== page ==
Do you behave completely rationally when you buy music? These days it's a lot easier to base your purchases on sound evidence (pun unintentional). You can Google an artist you've heard of, check out their reviews in the press; read about their development and discography on All Music Guide or Wikipedia; see if there are any freely available MP3s or streams on the artist's own site or on Epitonic; or, failing that, listen to 30-second samples on the iTunes Music Store or Amazon. If you haven't got a particular artist in mind, you can listen to Last.FM or Pandora for a bit and hear the music that people who share some of your tastes like, or you can just ask them on your favourite fan chat forum. There's really no excuse for not being fully genned-up before you splash your cash.

But do you sometimes like to let a little randomness into your life? Is there anything you've bought that was based on some looser intuition about what might appeal from you, or what might broaden your horizons beyond what you normally listen to? Do you even buy music on the basis of a good track title, or the singer's haircut? If you've got any good anecdotes to share, please send them to me, as I'm collecting little stories that illustrate different ways of discovering new music.

Meanwhile, here are a couple of stories of my own, going back to the days before everything you needed to know was available on demand.

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13 November 02005

The slow evolution of DAB digital radio devices

My excitement and predictions about the Bug — the digital radio that can pause, rewind, record and convert to MP3 (pictured right) — seem so far to have been overstated. The Bug DAB digital radio, from Pure DigitalSixteen months ago, I said I'd trade my iPod for a Bug, and just over eleven months ago I recorded the prediction: "next year it will be possible to download the programme guide to your Bug digital radio, set it to record your favourite programmes for the week onto flash memory and then copy them to your iPod" (I can't honestly remember whether that originated with me or someone else at the event I was writing about).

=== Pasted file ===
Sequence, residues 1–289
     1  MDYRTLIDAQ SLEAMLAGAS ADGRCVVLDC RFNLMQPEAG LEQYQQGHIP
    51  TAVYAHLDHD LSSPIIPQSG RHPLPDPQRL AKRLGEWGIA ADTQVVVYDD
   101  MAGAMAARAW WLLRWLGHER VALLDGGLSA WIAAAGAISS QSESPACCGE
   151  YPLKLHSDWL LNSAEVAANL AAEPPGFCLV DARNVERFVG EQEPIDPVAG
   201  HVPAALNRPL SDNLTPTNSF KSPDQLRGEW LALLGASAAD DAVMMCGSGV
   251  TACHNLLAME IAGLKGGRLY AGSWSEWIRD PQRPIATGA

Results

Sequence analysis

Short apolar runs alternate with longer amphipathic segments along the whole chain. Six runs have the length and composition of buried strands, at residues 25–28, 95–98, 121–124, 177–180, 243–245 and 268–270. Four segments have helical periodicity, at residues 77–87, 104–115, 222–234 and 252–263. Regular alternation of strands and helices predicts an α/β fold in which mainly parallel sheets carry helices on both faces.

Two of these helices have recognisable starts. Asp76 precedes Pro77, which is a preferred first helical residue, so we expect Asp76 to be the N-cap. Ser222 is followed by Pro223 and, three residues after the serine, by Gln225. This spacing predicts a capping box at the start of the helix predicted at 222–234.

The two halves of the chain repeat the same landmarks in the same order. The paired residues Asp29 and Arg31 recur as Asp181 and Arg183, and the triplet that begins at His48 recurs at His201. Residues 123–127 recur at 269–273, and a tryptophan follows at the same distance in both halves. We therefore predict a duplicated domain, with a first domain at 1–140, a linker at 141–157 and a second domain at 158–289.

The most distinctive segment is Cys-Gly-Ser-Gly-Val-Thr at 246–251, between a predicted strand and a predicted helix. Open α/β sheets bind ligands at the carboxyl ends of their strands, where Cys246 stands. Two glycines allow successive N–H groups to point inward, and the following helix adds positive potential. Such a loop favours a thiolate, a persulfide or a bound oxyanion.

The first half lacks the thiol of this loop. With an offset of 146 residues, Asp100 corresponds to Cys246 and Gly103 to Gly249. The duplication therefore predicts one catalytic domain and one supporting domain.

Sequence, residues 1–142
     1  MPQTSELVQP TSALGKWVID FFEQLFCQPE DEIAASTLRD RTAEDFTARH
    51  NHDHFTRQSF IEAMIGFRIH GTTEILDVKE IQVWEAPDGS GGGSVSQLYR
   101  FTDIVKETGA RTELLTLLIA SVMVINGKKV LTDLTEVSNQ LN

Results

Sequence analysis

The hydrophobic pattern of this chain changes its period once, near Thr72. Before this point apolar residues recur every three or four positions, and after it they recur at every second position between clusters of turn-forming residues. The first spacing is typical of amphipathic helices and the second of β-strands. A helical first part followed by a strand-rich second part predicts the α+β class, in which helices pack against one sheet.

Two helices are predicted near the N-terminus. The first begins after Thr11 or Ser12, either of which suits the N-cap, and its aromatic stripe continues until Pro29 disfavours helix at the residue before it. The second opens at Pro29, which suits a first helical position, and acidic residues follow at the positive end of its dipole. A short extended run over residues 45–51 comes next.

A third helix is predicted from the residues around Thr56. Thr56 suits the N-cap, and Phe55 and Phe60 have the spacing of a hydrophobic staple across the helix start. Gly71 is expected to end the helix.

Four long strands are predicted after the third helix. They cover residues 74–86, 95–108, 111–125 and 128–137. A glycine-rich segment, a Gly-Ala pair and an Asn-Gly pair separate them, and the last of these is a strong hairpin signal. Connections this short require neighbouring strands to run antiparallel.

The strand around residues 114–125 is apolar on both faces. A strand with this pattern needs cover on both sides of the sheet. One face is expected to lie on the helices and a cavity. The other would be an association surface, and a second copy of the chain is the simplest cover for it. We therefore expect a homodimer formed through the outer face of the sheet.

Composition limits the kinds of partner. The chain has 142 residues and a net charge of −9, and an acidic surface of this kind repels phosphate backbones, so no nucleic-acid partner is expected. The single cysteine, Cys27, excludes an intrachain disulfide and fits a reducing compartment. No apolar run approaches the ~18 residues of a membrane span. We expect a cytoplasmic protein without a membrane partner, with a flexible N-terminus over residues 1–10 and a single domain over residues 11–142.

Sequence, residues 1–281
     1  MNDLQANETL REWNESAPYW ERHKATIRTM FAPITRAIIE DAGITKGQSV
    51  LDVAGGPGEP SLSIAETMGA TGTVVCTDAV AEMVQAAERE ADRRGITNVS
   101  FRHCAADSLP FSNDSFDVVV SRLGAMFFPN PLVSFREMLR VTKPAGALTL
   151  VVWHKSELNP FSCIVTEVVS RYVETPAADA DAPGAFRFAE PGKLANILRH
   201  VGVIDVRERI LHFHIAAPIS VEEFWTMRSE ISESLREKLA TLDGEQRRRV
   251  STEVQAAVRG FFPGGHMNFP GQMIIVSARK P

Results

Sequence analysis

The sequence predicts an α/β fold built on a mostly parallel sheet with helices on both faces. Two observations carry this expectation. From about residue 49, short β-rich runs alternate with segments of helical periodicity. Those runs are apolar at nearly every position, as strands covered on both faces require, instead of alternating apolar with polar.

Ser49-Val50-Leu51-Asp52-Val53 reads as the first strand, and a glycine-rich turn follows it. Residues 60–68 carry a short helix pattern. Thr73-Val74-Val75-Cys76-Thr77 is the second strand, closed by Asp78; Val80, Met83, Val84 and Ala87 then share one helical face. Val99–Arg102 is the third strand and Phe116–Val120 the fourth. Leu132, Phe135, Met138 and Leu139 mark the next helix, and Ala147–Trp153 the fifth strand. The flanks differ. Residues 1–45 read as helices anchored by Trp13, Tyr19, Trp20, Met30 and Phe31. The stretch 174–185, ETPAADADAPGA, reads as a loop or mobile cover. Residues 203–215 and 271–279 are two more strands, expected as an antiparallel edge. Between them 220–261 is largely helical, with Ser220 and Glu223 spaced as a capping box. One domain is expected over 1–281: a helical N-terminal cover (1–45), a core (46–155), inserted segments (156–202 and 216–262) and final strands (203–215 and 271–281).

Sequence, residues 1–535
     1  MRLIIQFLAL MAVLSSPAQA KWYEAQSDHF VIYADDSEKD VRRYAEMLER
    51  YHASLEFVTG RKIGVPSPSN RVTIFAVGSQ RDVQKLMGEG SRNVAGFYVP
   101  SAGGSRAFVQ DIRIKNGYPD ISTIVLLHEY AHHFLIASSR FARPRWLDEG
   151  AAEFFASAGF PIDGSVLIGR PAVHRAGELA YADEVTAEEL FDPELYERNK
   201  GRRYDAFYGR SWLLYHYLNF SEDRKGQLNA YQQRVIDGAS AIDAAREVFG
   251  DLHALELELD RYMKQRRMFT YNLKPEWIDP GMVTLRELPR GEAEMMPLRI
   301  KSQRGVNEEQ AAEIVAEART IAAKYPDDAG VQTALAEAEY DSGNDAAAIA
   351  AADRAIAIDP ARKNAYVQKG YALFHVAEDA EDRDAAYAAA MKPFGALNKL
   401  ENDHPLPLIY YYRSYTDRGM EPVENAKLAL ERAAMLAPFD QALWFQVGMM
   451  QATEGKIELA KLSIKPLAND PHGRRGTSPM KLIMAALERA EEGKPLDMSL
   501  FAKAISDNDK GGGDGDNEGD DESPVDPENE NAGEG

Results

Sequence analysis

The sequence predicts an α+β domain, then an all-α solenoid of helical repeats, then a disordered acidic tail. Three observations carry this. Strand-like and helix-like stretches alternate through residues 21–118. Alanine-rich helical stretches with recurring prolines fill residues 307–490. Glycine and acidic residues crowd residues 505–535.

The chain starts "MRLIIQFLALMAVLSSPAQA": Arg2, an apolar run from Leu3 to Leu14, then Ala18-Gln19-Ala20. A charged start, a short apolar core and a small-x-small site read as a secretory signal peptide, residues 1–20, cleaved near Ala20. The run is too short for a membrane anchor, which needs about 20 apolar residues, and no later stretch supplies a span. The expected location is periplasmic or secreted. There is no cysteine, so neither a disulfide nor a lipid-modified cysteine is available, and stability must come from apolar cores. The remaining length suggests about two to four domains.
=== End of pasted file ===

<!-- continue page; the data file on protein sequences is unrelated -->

In the intervening period, iPods have gone through several generational changes (including the introduction of the iPod Mini in the UK, followed by the Shuffle and the Nano). By comparison, the Bug seems to have more or less stood still, and is nowhere near being a pace-setter in the market. I thought I'd wait to see how the second generation Bug looked before buying one, and I'm still waiting.

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11 November 02005

The spectrum of song: Jeays, Jenkins, Roberts

I have a theory that there are three men in the UK each of whom represents one of the primary colours — red, green and blue — in the spectrum of song. From blending their work in different proportions, you could make any other colour you wanted. But, even though all of them wear the influence of strong traditions on their sleeves, what sets these performers apart is that they don't sound like derivatives.

Blue is the South-East London blues of Billy Jenkins, who plays the guitar like a clown, a truly sad clown. Green is the twist on traditional folk songs (parables of hunting and shapeshifting) performed by Alasdair Roberts. Red is the English chanson repertoire of Philip Jeays, with its shades of Jacques Brel, Jake Thackray and Brecht/Weill.

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9 November 02005

Event: digital film/cinema

The informal network Cass Creatives is hosting a second event on the future of filmmaking on 30th November at City University (London, less than 200m from where I'm writing!).

The last time they covered this topic the presentations and discussion were fascinating — see the official report and mine.

The event is free. Here are details and booking (also here).

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7 November 02005

More usability nightmares with DRM

Leaving aside the moral, legal or economic arguments about Digital Rights Management (DRM), how does it affect usability and the user experience?

Last week a new form of DRM used by Sony BMG CDs came to light — though it has apparently been in use since March [source] — which installs a 'rootkit' on Windows-based computers. A rootkit hides software both from the user and from security or virus-protection software (hence its existence going undetected by users for months). The software, which controls what you can and can't do with the music files on the CD, is correspondingly difficult to remove. Here's an article that gives an overview of the case, and here's the original discovery.